At the end of the 60s the age of the widebody was fast approaching and all the major US airlines went on a new equipment binge. The 747 was the first new widebody and everyone had to have some or suffer the consequences of being left behind.
In the end the attempts to digest the new 747s along, with the oil crisis, was almost terminal for several of the majors. Unable to fill such a large aircraft they were forced to operate piano lounges, multiple bars and other ideas to fill up empty room. Eastern Air Lines however made a better decision than most.
They were alone amongst the Trunk airlines of the US when it allowed its initial four plane order for 747s to lapse and instead decided on the smaller Tristar for its entire widebody operations.
This was prudent and sensible as EA didn't have suitable routes for 747s anyway. Nonetheless delays to the Tristar programme left Eastern in a weak position against American, National and Delta and so it leased three 747s from Pan Am to cover and operate the New York – Miami and New York – San Juan routes.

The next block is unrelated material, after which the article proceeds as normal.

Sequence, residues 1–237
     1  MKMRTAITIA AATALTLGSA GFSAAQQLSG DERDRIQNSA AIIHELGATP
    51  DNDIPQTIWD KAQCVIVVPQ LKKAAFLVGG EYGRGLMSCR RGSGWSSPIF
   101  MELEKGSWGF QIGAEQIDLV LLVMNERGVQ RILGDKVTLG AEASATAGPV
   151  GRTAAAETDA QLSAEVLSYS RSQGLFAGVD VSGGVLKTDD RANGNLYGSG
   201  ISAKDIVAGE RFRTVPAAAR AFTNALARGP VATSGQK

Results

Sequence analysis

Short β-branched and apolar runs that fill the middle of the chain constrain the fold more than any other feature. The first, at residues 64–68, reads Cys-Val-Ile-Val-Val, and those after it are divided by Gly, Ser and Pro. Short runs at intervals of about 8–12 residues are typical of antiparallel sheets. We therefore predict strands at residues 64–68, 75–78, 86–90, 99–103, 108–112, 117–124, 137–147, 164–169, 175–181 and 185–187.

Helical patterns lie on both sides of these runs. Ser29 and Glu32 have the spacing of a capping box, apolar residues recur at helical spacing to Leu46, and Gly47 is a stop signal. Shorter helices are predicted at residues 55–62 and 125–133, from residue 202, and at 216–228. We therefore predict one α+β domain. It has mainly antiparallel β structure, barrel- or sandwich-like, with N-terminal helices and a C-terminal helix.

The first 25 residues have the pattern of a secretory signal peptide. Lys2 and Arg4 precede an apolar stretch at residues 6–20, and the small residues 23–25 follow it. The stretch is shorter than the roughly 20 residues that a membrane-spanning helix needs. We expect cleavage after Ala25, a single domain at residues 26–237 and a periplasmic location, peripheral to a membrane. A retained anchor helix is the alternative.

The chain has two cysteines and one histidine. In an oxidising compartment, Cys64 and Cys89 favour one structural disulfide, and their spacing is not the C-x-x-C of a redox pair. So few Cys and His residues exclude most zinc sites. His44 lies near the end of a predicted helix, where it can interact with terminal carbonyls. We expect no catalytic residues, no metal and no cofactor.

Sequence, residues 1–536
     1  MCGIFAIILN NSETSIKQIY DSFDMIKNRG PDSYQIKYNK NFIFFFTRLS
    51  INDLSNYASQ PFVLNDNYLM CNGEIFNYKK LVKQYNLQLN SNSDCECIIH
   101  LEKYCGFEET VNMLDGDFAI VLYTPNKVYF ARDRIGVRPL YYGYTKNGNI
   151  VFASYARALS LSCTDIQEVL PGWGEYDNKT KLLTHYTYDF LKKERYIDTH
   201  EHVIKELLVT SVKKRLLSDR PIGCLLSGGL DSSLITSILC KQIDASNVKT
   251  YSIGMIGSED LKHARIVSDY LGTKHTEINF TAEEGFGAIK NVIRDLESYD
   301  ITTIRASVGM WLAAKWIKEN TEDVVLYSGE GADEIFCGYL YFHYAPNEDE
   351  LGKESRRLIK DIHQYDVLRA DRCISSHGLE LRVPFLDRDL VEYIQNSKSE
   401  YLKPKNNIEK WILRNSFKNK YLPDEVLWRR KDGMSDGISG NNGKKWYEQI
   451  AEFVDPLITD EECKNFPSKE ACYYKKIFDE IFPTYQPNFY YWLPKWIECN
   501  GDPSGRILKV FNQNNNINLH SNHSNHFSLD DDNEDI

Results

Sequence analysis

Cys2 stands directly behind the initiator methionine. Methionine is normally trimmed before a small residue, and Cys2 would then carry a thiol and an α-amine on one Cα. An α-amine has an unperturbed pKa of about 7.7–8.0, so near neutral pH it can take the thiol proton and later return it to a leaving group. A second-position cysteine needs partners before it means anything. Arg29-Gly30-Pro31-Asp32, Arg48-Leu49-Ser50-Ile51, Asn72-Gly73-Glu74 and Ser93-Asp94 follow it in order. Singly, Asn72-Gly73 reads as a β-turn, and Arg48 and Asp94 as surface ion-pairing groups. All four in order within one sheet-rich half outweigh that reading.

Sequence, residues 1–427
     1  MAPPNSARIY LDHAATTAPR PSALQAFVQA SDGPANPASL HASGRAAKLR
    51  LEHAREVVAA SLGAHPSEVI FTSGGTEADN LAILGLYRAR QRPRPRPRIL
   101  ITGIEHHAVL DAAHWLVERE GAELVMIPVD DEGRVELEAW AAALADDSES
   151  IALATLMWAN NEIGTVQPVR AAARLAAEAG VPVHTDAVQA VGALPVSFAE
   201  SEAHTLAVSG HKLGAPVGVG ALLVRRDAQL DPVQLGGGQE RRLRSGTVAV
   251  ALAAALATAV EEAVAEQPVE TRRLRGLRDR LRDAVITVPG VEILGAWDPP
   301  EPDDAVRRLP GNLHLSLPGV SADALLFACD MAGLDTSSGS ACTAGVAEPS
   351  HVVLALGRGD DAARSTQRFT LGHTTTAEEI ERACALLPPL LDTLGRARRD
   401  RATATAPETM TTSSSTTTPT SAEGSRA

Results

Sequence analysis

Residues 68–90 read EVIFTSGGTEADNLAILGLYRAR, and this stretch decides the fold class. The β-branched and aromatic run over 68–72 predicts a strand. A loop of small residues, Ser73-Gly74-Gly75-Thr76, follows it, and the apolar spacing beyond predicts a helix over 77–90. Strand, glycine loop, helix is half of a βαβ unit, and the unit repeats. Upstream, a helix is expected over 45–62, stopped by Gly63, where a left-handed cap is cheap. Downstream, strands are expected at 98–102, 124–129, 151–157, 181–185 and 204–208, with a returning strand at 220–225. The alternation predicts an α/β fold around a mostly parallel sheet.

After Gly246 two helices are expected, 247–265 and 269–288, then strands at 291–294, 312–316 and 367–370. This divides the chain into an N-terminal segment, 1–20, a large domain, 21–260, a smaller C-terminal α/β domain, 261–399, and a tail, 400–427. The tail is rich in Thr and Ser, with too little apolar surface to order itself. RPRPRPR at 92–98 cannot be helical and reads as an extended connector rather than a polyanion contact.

They operated from November 1970-May 1972, by which time the L1011s were on stream, and wore two schemes - a PA hybrid and an almost complete New Mark Hockeystick.
The three ships were N731PA, N735PA and N737PA. All three were returned to Pan Am. During her subsequent PA career N737PA was named Clipper Red Jacket and Clipper Ocean Herald . N735PA operated as ‘Clipper Spark of the Ocean’ until Pan Am’s demise. In 1992 she was converted to a freighter and became VR-HKB with Air Hong Kong. She joined Polar Air Cargo in 1993 but was stored from 1995.
Eastern itself returned to the 747 in the late 70s when they nearly bought a pair of Qantas aircraft for Hawaii and Gatwick services. One was painted but the deal fell through and they were never operated.
I'm Richard Stretton: a fan of classic airliners and airlines who enjoys exploring their history through my collection of die-cast airliners. If you enjoy the site please donate whatever you can to help keep it running: